Although you can't beat the taste of peas fresh from the garden, those preserved at home come close, especially in the middle of winter when fresh peas are scarce. Here are several methods for preserving peas:
Harvest tender peas and shell while fresh. Wash, drain and blanch peas in boiling water for three minutes. Drain them, reserving the liquid. Fill hot, sterilized jars loosely with peas. Add 1/2 teaspoon salt to each pint or one teaspoon to each quart, then add the retained liquid, plus additional boiling water if needed, leaving one inch headspace. Adjust lids. Process pints and quarts 40 minutes at 10 pounds pressure (240° F).
Harvest, shell and wash tender peas while fresh. Blanch in boiling water for two minutes (three minutes for those in edible pods). Cool quickly in ice water and drain. Package peas in containers and seal. Date and label the containers, and place them in a single layer in the freezer for a quick freeze. They may be stacked the next day.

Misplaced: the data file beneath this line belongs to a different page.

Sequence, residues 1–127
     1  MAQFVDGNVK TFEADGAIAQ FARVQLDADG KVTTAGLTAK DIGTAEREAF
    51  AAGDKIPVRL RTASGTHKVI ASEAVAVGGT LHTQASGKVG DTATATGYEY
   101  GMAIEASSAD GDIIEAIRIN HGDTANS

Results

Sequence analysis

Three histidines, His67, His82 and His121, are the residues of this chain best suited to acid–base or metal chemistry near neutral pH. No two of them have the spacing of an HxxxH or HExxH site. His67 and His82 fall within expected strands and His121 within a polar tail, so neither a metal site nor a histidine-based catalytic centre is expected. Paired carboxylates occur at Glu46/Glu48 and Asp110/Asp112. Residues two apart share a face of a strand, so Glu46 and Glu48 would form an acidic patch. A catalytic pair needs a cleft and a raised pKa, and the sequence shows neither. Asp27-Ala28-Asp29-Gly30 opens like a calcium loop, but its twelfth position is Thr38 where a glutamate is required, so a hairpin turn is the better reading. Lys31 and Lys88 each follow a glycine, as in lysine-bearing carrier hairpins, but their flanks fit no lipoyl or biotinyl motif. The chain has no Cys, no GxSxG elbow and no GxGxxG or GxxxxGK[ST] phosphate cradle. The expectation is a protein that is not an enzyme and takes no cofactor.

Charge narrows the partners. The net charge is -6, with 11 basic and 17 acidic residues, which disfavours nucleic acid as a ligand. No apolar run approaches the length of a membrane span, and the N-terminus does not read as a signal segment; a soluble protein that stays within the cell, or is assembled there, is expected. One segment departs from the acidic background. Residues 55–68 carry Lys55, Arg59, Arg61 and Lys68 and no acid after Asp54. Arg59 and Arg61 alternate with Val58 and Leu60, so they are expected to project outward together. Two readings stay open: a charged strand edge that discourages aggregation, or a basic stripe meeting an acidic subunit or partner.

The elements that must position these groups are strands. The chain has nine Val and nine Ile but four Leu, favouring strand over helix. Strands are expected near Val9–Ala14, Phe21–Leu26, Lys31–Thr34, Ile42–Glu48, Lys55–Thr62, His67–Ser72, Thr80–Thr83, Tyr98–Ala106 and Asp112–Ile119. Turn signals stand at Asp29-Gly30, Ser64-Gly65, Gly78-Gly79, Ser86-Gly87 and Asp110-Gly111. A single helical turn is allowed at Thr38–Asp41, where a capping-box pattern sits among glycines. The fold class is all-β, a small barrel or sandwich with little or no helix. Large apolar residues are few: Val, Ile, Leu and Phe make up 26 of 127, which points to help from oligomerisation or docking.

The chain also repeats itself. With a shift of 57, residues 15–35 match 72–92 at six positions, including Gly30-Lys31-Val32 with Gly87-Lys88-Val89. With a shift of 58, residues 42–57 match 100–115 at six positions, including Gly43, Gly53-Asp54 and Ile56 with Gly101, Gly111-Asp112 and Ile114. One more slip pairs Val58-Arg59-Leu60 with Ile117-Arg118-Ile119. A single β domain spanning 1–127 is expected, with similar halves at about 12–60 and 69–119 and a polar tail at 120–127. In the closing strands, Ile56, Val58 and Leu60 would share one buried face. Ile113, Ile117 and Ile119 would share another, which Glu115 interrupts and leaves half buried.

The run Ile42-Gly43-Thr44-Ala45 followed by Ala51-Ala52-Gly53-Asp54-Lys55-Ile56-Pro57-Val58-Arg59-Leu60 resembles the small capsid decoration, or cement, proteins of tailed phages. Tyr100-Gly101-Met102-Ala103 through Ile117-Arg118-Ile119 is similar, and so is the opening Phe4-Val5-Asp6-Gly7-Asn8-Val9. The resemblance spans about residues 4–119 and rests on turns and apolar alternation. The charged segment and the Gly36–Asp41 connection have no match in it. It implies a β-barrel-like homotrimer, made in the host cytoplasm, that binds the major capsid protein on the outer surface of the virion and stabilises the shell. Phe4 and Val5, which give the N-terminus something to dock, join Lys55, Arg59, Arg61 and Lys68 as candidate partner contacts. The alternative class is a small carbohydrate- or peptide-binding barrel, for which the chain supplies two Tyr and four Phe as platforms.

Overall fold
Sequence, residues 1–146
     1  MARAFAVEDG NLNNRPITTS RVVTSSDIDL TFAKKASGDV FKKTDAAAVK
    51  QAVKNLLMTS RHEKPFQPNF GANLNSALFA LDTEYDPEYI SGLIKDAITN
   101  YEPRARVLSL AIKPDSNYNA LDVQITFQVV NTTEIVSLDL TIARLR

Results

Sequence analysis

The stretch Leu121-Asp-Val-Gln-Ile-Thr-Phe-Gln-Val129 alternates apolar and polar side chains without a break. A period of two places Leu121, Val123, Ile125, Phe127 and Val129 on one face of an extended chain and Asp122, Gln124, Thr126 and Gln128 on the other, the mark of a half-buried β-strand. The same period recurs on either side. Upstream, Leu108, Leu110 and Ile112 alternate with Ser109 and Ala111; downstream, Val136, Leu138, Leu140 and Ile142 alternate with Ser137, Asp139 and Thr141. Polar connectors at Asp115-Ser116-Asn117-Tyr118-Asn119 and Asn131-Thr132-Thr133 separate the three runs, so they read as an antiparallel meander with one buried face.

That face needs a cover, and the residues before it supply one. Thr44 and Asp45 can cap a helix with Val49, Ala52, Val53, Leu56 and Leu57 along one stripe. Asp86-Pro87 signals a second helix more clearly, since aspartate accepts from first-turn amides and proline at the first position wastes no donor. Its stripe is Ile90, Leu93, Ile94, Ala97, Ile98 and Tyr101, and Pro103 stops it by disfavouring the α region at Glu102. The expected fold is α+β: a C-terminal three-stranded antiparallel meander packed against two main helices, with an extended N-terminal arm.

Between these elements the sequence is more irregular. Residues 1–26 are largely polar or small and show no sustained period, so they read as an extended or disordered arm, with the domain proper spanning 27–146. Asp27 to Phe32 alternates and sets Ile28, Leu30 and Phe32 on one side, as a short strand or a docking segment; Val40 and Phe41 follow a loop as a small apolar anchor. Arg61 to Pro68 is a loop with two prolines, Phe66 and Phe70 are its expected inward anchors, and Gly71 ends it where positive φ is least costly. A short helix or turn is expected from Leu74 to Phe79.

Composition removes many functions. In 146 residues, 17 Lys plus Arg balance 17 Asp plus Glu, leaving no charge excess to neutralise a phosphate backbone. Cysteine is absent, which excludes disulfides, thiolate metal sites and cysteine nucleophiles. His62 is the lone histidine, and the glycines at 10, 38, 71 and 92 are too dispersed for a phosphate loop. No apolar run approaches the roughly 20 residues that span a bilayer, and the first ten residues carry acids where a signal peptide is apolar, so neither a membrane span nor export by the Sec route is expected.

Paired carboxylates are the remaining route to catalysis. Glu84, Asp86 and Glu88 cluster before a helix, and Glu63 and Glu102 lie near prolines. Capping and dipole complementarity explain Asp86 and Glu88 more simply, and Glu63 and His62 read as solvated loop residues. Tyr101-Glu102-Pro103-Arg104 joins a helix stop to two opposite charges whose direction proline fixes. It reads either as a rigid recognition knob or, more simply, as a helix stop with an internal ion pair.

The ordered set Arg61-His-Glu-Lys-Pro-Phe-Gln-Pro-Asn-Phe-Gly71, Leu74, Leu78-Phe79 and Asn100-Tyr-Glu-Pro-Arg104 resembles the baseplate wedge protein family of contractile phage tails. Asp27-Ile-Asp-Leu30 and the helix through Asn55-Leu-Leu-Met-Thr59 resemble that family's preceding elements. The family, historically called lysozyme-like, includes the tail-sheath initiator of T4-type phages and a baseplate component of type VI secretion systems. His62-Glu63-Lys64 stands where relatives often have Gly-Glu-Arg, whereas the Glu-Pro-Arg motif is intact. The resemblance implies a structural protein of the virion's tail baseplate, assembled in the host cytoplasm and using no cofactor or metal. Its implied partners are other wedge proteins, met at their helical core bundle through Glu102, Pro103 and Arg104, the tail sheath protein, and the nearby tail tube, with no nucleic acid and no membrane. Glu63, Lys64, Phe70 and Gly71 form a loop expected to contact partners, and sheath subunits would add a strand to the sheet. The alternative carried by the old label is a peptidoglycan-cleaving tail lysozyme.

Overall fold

Allow southern peas to ripen completely and dry as much as possible on the vine. Then either pull the vines and hang them in a well-ventilated area to allow the peas to dry further, or harvest and shell the peas.
Spread these shelled, partially dried peas in a thin layer on cookie sheets and place them outside in an area that receives full sunlight and is well ventilated. It takes about three days of low humidity and few clouds to dry peas. Stir them occasionally while they're drying, and rotate the trays. It's best to bring the trays inside at night. The peas are dry and ready to store if they split when tapped with a hammer, or if they're hard and wrinkled.
Spread southern peas in single layers in the trays. Dry them at 120F for 10 to 12 hours, depending on how dry the peas were at harvest. Harvest and shell young green peas, then blanch them for two to three minutes. Continue as for southern peas. The drying process takes longer for green peas, but when the peas are dry, they'll also split when tapped with a hammer. Store dried peas in an airtight container.
Article published on April 21, 2005.